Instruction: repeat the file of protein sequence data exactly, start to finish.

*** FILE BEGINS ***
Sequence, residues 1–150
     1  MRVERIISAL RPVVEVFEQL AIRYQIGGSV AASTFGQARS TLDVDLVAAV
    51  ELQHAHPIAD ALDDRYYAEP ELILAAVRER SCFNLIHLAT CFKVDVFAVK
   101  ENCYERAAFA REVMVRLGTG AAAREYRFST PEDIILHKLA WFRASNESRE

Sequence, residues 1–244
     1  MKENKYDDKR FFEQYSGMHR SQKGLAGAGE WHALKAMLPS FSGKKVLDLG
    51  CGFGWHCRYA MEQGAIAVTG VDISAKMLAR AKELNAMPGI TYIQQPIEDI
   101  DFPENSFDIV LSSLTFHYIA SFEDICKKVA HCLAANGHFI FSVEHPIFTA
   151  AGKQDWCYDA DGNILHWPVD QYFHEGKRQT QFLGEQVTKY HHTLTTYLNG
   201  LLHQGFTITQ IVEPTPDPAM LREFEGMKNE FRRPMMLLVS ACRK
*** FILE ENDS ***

Sequence, residues 1–150
     1  MRVERIISAL RPVVEVFEQL AIRYQIGGSV AASTFGQARS TLDVDLVAAV
    51  ELQHAHPIAD ALDDRYYAEP ELILAAVRER SCFNLIHLAT CFKVDVFAVK
   101  ENCYERAAFA REVMVRLGTG AAAREYRFST PEDIILHKLA WFRASNESRE

Sequence, residues 1–244
     1  MKENKYDDKR FFEQYSGMHR SQKGLAGAGE WHALKAMLPS FSGKKVLDLG
    51  CGFGWHCRYA MEQGAIAVTG VDISAKMLAR AKELNAMPGI TYIQQPIEDI
   101  DFPENSFDIV LSSLTFHYIA SFEDICKKVA HCLAANGHFI FSVEHPIFTA
   151  AGKQDWCYDA DGNILHWPVD QYFHEGKRQT QFLGEQVTKY HHTLTTYLNG
   201  LLHQGFTITQ IVEPTPDPAM LREFEGMKNE FRRPMMLLVS ACRK